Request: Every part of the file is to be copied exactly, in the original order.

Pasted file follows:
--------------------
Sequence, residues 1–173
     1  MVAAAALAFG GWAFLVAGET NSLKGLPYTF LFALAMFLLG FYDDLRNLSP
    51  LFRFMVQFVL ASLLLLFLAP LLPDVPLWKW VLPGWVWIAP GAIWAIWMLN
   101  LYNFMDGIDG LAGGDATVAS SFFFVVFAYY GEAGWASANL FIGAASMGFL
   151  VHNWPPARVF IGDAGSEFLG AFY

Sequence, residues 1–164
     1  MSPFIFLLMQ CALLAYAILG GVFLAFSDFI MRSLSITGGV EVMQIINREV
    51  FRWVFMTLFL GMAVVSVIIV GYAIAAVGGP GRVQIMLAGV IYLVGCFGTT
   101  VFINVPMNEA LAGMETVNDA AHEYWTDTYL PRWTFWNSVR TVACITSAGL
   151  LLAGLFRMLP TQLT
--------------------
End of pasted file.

Sequence, residues 1–173
     1  MVAAAALAFG GWAFLVAGET NSLKGLPYTF LFALAMFLLG FYDDLRNLSP
    51  LFRFMVQFVL ASLLLLFLAP LLPDVPLWKW VLPGWVWIAP GAIWAIWMLN
   101  LYNFMDGIDG LAGGDATVAS SFFFVVFAYY GEAGWASANL FIGAASMGFL
   151  VHNWPPARVF IGDAGSEFLG AFY

Sequence, residues 1–164
     1  MSPFIFLLMQ CALLAYAILG GVFLAFSDFI MRSLSITGGV EVMQIINREV
    51  FRWVFMTLFL GMAVVSVIIV GYAIAAVGGP GRVQIMLAGV IYLVGCFGTT
   101  VFINVPMNEA LAGMETVNDA AHEYWTDTYL PRWTFWNSVR TVACITSAGL
   151  LLAGLFRMLP TQLT